EPSRC chief wants words of advice from critical voices

But extant strategic decisions will not be revisited, Paul Golby says

October 31, 2013

Source: Rex Features

Transparent: Paul Golby promises more openness in the making of appointments and decisions affecting strategy

Critics of controversial decisions made by the Engineering and Physical Sciences Research Council should join one of its advisory groups, according to the body’s chair, Paul Golby.

Dr Golby was speaking in relation to the publication on 29 October of the EPSRC’s response to an independent review of the way it receives advice.

The review was one of two that Dr Golby commissioned last December in response to widespread concerns that the body had not consulted widely enough before making controversial decisions.

The review, led by Suzanne Fortier, former president of Canada’s Natural Sciences and Engineering Research Council, reported in July and set out a series of recommendations relating to transparency and inclusiveness.

The EPSRC’s governing council has now set out how it will implement the recommendations.

It has pledged to publish terms of reference for the research council’s strategic advisory teams and networks, including specifying the process for identifying and appointing their academic members.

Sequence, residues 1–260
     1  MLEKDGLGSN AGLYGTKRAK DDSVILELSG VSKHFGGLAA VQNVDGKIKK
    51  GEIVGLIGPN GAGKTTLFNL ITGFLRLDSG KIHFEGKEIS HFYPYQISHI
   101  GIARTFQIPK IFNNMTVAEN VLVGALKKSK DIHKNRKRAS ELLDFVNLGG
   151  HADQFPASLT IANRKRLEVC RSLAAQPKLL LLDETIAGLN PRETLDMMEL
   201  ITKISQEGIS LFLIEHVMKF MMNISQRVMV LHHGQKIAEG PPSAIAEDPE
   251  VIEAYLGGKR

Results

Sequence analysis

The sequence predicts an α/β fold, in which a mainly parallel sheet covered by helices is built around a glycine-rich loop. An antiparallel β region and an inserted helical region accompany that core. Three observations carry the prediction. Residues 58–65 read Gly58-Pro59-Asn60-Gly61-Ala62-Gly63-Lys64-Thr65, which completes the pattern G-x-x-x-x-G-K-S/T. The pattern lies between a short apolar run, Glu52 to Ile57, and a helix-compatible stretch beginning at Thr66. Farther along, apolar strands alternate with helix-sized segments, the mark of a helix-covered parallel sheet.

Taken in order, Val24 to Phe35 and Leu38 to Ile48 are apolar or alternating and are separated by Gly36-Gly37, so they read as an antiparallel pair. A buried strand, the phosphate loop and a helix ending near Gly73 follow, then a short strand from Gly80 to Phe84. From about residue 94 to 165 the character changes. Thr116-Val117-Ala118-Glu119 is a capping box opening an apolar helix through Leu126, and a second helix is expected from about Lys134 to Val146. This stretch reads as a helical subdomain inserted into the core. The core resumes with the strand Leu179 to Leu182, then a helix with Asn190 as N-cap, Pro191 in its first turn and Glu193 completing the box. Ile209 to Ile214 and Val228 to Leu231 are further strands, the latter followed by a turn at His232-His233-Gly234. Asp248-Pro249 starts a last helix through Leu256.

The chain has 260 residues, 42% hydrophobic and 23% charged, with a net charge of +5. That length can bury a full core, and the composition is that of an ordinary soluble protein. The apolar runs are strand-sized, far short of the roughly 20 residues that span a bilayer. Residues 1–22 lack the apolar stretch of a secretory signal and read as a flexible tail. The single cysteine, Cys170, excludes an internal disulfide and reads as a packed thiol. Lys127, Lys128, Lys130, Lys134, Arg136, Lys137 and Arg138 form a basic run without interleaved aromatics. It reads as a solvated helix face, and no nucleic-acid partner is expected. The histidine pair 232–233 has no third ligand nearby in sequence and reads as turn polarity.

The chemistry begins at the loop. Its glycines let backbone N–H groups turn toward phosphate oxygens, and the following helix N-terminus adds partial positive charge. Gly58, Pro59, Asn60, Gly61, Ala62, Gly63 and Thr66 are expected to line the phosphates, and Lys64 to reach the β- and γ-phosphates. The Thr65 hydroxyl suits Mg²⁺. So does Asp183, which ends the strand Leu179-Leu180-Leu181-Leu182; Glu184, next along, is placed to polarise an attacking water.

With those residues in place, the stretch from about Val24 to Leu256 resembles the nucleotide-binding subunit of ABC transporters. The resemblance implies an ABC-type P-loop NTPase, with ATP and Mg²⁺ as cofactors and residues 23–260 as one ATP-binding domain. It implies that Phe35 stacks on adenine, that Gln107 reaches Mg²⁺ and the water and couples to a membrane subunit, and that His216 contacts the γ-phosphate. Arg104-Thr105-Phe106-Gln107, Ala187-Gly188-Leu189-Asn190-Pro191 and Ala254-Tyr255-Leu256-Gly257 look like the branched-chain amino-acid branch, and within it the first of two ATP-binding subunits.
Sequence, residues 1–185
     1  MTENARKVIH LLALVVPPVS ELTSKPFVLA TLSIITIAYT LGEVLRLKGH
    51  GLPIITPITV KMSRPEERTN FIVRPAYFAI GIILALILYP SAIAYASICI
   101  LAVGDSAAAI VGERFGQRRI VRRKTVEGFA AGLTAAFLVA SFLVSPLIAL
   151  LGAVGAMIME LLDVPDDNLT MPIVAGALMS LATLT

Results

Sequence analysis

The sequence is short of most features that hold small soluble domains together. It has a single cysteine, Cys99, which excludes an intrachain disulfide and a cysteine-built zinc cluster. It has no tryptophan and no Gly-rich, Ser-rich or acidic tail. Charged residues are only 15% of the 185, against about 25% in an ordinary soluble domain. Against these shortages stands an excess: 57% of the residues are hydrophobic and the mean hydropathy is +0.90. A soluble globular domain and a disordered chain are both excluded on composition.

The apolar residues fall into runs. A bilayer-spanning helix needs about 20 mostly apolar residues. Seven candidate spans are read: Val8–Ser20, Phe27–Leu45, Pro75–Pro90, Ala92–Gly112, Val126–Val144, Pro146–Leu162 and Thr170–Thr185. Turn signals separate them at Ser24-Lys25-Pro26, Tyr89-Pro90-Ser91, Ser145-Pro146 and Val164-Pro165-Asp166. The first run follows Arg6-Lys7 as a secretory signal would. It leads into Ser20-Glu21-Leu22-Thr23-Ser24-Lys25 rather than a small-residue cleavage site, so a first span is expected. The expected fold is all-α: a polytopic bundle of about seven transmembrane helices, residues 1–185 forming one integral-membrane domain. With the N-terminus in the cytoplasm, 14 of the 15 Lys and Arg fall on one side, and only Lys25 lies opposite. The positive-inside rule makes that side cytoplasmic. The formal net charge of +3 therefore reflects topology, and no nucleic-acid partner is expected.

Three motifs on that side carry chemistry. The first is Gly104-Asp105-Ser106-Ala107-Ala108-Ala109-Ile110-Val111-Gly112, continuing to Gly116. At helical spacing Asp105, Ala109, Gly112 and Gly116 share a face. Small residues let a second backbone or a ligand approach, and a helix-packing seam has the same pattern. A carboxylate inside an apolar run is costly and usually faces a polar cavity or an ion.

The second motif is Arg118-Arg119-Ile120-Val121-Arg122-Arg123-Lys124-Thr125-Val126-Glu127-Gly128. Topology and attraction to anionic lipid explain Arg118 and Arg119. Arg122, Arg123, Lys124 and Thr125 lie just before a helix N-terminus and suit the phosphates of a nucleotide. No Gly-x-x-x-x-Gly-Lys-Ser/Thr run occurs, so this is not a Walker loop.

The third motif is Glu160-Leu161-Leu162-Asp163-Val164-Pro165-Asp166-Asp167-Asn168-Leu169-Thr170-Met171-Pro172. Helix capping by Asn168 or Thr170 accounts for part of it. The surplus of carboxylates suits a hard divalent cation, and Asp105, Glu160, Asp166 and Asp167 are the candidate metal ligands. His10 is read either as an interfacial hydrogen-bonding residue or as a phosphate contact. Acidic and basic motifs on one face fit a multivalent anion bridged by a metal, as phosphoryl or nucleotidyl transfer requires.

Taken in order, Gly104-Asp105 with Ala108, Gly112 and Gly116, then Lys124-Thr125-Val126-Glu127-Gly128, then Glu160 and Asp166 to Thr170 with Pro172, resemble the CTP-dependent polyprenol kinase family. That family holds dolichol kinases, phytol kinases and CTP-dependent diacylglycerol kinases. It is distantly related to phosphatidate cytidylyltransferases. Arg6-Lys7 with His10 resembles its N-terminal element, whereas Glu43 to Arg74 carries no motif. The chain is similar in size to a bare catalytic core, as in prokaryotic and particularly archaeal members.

Appointments to the advisory bodies, which will no longer be chaired by members of the EPSRC executive, will be overseen by a sub-committee of the EPSRC council.

Notes and theories

Dr Golby, who is the former UK chairman and chief executive of the energy firm E.ON, said the EPSRC would also publish “full and appropriate” minutes from advisory group meetings so that “the community can see the nature of the advice we are receiving, and…whether we have accepted or rejected that advice, and the reasons why”.

However, the council will stop short of publishing minutes of advisory group meetings because their members indicated that such a move would inhibit their willingness to speak frankly, he added.

The decisions by the EPSRC that have angered critics include demand management, the abolition of project studentships and the “shaping capability agenda”, which links choices about funding for specific areas to their national importance as well as their existing excellence and capacity.

Dr Golby hoped that the EPSRC’s critics would be satisfied when they saw it “doing exactly what we are saying we will do”, but he insisted that major strategic decisions would not be revisited.

“We are not about to throw all the cards up in the air and repeat what caused all the problems in the first place,” he said.

But he emphasised that EPSRC policy was always evolving alongside the UK’s scientific and funding environments. He saw “no reason” why critics would not be recruited if they put themselves forward to the advisory bodies, where they could “have their say” on future developments.

“Having a diversity of view is a good thing. The last thing I want is a group of people who agree with everything: that is not how you get results,” Dr Golby said.

The other independent review he commissioned, on peer review, will be delivered and published in December, he added.


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